“Many researchers want to carry out analysis and extraction of information from large sets of data, such as journal articles and other scholarly content. Methods such as screen-scraping are error-prone, place too much strain on content sites and may be unrepeatable or break if site layouts change. Providing researchers with automated access to the full-text content via DOIs and Crossref metadata reduces these problems, allowing for easy deduplication and reproducibility. Supporting text and data mining echoes our mission to make research outputs easy to find, cite, link, assess, and reuse.
In 2013 Crossref embarked on a project to better support Crossref members and researchers with Text and Data Mining requests and access. There were two main parts to the project:
To collect and make available full-text links and publisher TDM license links in the metadata.
To provide a service (TDM click-through service) for Crossref members to post their additional TDM terms and conditions and for researchers to access, review and accept these terms….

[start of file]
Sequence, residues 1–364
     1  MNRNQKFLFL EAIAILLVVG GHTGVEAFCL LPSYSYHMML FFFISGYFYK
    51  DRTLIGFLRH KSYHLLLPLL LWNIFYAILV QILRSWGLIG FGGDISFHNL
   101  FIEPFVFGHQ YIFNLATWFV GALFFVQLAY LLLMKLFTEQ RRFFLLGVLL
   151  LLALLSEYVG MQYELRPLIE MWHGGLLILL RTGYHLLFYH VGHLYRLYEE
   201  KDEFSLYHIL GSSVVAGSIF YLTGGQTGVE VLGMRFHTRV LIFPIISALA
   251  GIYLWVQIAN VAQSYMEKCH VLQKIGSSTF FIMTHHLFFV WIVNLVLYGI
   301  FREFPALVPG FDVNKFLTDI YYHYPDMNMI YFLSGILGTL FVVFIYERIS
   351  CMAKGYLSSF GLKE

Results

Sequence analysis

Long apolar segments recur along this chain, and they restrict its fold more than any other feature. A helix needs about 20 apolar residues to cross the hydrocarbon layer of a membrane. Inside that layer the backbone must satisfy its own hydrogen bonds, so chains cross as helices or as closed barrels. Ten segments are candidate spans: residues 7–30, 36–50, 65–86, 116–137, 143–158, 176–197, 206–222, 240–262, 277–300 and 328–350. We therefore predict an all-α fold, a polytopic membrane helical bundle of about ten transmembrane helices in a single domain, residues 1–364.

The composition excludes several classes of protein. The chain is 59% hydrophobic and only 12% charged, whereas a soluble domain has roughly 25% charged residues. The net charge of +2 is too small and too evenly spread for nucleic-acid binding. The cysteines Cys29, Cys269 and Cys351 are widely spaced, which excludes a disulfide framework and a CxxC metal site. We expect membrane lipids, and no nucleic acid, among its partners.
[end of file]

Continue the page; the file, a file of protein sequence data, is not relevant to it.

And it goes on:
To date, 37.5 million works registered with Crossref have both full-text links and TDM license information. We continue to encourage all members to include full-text links and license information in the metadata they register to assist researchers with TDM. You can see how each member is doing via its participation report (e.g. Wiley’s)….
Members are also making subscription content available for text mining (temporarily or otherwise) for specific purposes, such as to help the research community with its response to COVID-19. Back in April we highlighted how this can be achieved by including:
A “free to read” element in the access indicators section of publisher metadata indicating that the content is being made available free-of-charge (gratis)
An assertion element indicating that the content being made available is available free-of-charge….”